New Challenges (and New Uses)
Over the past several hundred years, new technology helped expand bone broth’s uses dramatically.
In the Victorian era, people started to take the gelatin from bone broth and use it to make all kinds of gelatin deserts. You could buy gelatin from merchants in the streets, but you had to purify it yourself: an extremely time-consuming process. In 1845, Peter Cooper, an American industrialist, secured a patent for powdered gelatin (6).
Bone broth also continued to be a staple in cooking and fine dining. Restaurant chefs and amateurs alike used it to make soups, stews, sauces, and gravies.
Homemade bone broth became a hit during the industrial revolution. As fuel costs rose, people who used to leave their broth bubbling over a fire at home could no longer afford the gas to heat their stoves for the hours (7).
As people worked longer hours and traveled more, inventors came up with creative new ways to make bone broth more convenient. People began making – and using – broth powders and “bouillons” (cubes of broth that have been dehydrated) in an effort to get the benefits of bone broth without the long hours (or fuel costs) to make it themselves.
Things were good for a while…
Until MSG came around.
MSG: Bad News for Bone Broth
After a Japanese biochemist invented Monosodium glutamate (the infamous “MSG”) to emulate meat flavoring in 1908, more and more food companies began to use it in their products.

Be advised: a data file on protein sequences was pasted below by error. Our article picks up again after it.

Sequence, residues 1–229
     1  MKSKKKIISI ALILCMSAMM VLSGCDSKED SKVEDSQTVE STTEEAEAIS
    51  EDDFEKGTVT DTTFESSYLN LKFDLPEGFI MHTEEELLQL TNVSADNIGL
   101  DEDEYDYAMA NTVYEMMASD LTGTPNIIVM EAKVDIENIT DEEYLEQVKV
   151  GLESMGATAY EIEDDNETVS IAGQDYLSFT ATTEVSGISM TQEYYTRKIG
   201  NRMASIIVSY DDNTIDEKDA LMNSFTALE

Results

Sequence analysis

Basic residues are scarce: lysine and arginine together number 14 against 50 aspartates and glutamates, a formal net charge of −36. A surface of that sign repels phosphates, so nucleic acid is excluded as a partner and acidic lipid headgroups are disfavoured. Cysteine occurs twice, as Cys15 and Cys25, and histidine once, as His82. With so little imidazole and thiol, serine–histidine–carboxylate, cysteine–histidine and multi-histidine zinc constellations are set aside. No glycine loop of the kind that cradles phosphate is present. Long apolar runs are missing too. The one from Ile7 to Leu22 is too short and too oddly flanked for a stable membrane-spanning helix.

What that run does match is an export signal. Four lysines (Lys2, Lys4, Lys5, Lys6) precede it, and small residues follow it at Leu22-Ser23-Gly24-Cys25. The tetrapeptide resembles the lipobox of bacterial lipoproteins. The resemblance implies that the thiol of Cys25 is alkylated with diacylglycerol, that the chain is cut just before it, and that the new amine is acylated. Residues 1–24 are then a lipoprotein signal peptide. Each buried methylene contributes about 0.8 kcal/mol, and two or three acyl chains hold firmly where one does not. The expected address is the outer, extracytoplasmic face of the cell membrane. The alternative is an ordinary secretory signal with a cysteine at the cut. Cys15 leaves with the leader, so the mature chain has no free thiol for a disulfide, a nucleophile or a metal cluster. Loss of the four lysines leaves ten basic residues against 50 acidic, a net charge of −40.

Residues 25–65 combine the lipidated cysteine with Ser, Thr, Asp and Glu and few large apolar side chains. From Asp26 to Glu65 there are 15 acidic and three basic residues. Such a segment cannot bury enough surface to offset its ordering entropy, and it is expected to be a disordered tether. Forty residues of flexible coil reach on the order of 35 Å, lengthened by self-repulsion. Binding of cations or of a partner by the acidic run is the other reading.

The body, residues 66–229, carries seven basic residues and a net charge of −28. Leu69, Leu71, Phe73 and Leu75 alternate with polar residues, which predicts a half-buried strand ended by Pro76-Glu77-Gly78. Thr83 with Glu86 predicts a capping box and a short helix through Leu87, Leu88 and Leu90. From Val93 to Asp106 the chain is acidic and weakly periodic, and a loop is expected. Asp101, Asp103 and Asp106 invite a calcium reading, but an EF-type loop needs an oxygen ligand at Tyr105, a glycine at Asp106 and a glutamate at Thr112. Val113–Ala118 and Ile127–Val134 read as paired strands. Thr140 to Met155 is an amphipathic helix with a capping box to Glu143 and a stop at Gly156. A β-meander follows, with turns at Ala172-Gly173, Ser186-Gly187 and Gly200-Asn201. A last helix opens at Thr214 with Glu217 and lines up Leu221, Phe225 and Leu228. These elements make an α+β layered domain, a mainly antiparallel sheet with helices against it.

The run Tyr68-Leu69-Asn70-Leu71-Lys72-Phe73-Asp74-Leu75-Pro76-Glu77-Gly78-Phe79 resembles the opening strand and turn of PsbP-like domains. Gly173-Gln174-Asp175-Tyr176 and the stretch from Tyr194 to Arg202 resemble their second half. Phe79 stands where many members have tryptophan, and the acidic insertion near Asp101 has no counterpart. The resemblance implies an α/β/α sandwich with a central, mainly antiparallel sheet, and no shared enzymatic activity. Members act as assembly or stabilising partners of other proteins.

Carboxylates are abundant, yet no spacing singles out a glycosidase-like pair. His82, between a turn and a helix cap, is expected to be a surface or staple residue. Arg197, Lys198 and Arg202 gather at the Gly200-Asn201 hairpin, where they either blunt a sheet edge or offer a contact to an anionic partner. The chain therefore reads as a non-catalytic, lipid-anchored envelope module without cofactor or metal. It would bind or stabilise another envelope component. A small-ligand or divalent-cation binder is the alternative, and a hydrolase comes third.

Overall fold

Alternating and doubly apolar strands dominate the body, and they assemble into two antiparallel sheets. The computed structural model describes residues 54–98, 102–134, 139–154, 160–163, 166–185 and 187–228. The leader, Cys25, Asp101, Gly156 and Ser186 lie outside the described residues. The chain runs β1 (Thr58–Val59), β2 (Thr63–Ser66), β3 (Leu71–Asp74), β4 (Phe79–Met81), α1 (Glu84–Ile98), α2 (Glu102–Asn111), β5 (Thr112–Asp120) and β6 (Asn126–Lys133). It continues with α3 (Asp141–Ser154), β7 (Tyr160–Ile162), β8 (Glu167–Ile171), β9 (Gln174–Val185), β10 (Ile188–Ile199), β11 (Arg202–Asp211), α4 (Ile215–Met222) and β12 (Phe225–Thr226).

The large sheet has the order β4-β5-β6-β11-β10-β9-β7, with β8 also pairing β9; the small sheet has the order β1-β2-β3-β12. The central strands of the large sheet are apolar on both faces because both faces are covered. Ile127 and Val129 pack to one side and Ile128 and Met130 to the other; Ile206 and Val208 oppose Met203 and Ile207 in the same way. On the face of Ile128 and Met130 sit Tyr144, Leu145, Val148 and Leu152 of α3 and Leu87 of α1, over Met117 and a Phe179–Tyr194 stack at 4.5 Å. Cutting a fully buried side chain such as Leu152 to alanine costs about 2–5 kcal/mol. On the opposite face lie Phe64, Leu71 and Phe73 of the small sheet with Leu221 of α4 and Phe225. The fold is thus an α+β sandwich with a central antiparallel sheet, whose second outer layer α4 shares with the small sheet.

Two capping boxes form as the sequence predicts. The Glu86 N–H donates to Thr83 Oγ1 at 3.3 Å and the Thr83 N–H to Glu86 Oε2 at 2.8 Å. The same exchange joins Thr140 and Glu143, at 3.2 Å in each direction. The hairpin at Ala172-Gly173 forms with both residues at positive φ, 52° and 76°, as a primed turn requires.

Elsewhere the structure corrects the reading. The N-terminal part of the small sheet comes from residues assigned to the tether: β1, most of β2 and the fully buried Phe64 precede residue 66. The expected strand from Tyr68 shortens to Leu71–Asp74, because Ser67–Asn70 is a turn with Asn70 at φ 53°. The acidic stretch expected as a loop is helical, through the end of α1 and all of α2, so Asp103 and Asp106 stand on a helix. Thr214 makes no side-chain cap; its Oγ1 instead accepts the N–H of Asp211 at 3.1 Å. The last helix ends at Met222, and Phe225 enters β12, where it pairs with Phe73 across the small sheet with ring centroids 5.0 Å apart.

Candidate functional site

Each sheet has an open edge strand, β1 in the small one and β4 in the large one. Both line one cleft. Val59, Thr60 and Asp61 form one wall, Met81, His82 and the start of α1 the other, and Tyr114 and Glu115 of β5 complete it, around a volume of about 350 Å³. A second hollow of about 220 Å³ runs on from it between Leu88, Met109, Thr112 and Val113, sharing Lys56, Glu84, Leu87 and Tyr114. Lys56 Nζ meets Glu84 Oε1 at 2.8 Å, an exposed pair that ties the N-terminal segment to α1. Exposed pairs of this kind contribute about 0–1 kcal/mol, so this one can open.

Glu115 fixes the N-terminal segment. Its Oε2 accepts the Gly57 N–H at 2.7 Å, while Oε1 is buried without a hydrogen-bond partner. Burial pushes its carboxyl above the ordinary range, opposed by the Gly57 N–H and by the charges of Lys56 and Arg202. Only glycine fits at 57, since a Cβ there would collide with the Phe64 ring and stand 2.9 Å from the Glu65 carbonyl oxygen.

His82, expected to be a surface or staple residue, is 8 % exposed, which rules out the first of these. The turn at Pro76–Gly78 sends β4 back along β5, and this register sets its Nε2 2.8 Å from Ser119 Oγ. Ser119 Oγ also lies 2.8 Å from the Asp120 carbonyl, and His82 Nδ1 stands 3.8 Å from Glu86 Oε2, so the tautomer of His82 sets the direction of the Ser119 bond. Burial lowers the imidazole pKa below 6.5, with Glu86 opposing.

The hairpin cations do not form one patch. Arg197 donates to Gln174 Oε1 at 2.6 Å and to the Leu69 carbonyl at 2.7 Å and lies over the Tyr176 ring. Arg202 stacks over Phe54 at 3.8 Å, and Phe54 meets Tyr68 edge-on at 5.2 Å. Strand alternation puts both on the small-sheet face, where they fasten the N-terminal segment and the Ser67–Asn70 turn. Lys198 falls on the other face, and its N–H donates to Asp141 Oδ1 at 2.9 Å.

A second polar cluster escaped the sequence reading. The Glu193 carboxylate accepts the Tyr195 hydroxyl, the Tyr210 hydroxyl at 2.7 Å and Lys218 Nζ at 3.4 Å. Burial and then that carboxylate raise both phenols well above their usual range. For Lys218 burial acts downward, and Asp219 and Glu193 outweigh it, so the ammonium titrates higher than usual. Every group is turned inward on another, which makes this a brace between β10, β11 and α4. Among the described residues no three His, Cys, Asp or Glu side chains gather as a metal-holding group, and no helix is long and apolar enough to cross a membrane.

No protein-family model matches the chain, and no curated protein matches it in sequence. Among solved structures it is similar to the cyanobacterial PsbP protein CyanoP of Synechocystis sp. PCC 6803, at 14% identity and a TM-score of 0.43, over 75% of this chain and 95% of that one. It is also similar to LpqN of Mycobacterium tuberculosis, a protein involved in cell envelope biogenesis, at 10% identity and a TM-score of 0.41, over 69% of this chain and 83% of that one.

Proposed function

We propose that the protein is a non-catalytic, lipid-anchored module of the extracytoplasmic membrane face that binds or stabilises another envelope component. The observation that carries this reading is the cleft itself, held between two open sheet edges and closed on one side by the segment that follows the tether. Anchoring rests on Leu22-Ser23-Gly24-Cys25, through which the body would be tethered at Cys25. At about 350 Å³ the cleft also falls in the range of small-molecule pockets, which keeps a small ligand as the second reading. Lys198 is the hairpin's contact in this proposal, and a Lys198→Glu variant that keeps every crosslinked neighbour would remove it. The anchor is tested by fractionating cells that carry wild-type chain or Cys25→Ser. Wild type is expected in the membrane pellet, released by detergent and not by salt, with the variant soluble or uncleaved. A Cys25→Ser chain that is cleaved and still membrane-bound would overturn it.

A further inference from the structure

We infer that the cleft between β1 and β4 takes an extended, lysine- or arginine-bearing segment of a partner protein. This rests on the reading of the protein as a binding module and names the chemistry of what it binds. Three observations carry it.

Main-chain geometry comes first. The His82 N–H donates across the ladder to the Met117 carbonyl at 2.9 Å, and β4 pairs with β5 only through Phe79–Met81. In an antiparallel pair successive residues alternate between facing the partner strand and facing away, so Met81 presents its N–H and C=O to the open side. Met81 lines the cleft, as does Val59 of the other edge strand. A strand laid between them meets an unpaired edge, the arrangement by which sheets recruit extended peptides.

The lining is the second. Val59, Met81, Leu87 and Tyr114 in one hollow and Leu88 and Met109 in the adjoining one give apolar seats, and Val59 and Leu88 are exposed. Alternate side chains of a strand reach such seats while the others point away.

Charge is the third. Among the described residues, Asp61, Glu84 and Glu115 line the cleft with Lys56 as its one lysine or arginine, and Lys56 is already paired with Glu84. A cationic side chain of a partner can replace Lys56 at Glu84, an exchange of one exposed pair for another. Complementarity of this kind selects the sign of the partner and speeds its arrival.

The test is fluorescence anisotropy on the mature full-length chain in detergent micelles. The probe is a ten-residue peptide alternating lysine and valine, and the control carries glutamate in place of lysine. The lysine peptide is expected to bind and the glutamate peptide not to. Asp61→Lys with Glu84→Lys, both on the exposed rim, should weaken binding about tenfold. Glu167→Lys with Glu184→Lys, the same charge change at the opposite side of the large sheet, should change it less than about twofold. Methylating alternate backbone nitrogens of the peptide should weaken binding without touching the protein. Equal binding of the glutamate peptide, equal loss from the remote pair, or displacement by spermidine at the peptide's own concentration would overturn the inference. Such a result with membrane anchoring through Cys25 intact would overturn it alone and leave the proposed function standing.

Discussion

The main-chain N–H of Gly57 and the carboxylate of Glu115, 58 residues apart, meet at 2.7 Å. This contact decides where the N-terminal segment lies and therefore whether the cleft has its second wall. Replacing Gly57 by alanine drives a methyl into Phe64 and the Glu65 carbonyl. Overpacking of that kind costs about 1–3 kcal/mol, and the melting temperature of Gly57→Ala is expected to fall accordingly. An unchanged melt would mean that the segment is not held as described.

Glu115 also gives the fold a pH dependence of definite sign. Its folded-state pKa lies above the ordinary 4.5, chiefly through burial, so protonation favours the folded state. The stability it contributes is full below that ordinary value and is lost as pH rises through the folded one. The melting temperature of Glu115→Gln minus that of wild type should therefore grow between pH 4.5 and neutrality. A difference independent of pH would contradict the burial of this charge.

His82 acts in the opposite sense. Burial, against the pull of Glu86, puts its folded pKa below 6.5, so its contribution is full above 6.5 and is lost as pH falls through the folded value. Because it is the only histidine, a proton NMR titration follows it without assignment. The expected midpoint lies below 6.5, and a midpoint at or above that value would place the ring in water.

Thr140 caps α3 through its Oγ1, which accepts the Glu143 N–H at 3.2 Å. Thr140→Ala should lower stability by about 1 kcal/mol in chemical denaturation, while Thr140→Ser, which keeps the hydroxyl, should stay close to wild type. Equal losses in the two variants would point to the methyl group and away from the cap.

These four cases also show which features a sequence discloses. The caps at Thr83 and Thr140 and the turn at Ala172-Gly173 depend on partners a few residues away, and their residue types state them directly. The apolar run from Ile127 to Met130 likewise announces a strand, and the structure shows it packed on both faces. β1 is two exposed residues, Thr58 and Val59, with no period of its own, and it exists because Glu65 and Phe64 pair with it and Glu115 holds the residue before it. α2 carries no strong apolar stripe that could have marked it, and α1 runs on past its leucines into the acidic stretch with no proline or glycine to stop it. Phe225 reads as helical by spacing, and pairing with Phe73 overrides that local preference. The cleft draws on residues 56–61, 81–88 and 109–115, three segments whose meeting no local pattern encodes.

Big food manufacturers were impressed by MSG’s ability to trick customers into thinking they were eating meat… even if a product didn’t have any meat in it. It also saved a lot of labor and money. Instead of boiling bones, they could just throw in a cheap chemical.
Now, most of the bone stock you’ll find at the store isn’t even made from animal bones at all.
Bone Broth Today
We’re seeing a huge resurgence in the popularity of bone broth: it’s one of the trendiest health foods around.
People are starting to reject buying mass-produced, commercially-processed “food products” made by large corporations. They’re more and more interested in going back to their roots: to organically-grown food their grandparents and great grandparents grew up on.
Health-conscious people are no longer interested in simply picking up the cheapest option at the grocery store. Now, they’re wondering how they can use slow cookers to make their own broth. They’re browsing farmers’ markets to find local bone suppliers. They’re looking to buy from trusted companies that make broth with only the highest-quality ingredients.
*Cough cough *
Bone broth has a long, complicated, and surprising history. Cultures around the globe have been making it for thousands of years. It was a fundamental part of their diets – both for the taste and the incredible health benefits. It’s still a huge part of traditional cuisines.
Food processing and new technologies almost swept that rich history away…
But the future is bright.
As the years go on, expect to see more and more people incorporating bone broth’s healing properties into their diet. And, expect to see more new restaurants serving broth, like the few already do in LA, NYC, Portland and San Francisco.
With increasing demand to know exactly what we’re putting into our bodies – and making sure our food is of the utmost quality – people are turning their attention back to the basics.
Basics like bone broth.